Saoirse Ronan is incredible and she has been in the last decade or so since she’s been working, but you also worked with a number of up-and-comers, including Timothée Chalamet, Lucas Hedges, and Beanie Feldstein. What was your experience on set seeing their performances come to life?

It was amazing and astounding to work with all of these different actors. Every single one was completely brilliant. Saoirse, Laurie Metcalf, Tracy Letts, Stephen Henderson, who plays Father Leviatch, who is just brilliant, Lois Smith, who plays the school principal, the head nun, Beanie Feldstein, who is just genius, Lucas Hedges, Timothee, Marielle Scott, who plays the adopted daughter, Shelley, and Jordan Rodrigues. Every single one of those actors is brilliant and Greta was so masterful at communicating with the actors, but not just talking to the actors, synthesizing everything they had, and it was all her words. She was in complete control of the dialogue and the arc. She was her own dramaturge while we were shooting, in addition to having written all of this great dialogue. She just created a wonderful environment on the set. What was great as her collaborator — and we had worked together a number of times, so we had a great shorthand — was that I could be instrumental in the blocking conversation.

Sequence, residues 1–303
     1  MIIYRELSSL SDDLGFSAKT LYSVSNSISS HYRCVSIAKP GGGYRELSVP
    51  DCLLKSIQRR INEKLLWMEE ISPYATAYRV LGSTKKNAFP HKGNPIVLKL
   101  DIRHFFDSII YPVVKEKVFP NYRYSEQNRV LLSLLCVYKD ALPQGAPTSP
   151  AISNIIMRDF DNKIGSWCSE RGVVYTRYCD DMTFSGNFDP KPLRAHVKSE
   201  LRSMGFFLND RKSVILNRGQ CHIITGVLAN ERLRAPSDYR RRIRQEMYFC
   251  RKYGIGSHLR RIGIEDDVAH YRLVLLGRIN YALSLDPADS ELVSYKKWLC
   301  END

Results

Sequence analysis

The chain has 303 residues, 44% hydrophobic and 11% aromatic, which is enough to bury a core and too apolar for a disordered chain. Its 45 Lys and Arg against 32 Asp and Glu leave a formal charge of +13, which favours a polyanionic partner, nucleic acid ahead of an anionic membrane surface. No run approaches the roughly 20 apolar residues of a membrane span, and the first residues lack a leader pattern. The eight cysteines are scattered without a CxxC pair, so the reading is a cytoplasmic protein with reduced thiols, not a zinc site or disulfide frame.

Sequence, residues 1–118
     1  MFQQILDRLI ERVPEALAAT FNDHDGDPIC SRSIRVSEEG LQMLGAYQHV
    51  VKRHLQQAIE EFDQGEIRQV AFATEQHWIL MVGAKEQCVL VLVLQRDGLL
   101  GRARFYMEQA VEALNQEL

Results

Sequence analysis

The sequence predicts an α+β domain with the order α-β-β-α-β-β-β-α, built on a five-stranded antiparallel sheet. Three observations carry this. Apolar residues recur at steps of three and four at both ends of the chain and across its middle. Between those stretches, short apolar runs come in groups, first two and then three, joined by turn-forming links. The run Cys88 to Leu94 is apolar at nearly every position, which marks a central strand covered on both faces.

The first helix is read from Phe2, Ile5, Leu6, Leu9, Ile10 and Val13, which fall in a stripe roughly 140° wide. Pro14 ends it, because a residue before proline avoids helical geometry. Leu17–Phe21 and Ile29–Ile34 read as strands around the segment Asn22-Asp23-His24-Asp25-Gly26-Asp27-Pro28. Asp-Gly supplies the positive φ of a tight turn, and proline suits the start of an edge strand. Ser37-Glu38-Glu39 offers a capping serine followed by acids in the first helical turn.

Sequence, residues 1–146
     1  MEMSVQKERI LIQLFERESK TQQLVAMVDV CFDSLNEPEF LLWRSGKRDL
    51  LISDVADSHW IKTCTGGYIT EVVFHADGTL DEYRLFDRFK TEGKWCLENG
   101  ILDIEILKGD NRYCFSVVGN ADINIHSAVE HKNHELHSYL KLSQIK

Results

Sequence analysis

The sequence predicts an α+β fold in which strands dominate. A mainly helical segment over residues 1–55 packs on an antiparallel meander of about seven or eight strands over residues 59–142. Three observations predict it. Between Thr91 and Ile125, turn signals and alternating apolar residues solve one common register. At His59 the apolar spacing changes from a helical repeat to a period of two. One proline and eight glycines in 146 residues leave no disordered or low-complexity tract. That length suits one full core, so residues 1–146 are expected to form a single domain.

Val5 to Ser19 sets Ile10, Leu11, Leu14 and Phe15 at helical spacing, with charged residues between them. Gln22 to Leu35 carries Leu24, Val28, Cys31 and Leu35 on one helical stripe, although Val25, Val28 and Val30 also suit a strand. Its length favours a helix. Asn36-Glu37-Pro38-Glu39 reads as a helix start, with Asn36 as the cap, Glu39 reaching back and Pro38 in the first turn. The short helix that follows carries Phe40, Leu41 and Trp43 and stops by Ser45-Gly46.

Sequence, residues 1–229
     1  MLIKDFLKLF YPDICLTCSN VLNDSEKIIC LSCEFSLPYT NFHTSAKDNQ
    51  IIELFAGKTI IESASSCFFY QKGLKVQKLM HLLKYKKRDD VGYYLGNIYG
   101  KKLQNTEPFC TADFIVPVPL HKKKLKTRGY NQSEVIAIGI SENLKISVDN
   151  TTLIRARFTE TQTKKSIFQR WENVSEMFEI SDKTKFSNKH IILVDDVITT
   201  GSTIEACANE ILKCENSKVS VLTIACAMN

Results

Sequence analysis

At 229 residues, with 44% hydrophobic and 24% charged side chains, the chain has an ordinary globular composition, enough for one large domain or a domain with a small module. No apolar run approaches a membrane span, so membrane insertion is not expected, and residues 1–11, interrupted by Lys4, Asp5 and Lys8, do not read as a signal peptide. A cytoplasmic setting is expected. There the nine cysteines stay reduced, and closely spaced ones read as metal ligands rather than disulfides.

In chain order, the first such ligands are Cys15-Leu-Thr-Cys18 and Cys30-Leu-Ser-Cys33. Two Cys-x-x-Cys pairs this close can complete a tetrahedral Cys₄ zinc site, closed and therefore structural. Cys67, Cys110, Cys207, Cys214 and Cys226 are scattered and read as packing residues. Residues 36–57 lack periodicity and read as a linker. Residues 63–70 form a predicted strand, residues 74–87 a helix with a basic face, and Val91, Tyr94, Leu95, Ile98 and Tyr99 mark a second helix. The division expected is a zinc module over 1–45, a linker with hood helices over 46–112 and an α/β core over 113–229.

So while she was sometimes, say talking to Beanie about something, I could give a note to Saoirse, like “Hey, instead of turning to your left, why don’t you turn to your right and then move over here. Let’s try that.” Of course, I try always to give blocking notes to Greta, because it’s her set, but sometimes if it was simpler for me to speak directly with the actors, that’s pretty much all I would say. I would just talk about blocking, and all of these actors have theater backgrounds and I had some great talks with Laurie and with Tracy about their theater experiences and blocking for the theater and how actors make tweaks to the blocking, which isn’t so much the case with film because all we’re doing at the end of the day is capturing the blocking that’s in front of the camera. But in some scenes I was able to have a lot of input about what their blocking should be, many times in service of the story and in service of keeping the filmmaking approach simple and in connection with what we were talking about before, with camera movement. We’re always trying to streamline things as much as we could. Not to make things but to make them easy, but to make them dynamic and interesting and engaging and to have a spark, but in synthesis with the performances and the story and all with the greater goal of keeping the viewer so engaged that they never feel like they are on the outside of the movie. I don’t know if it worked or not, but that was the goal.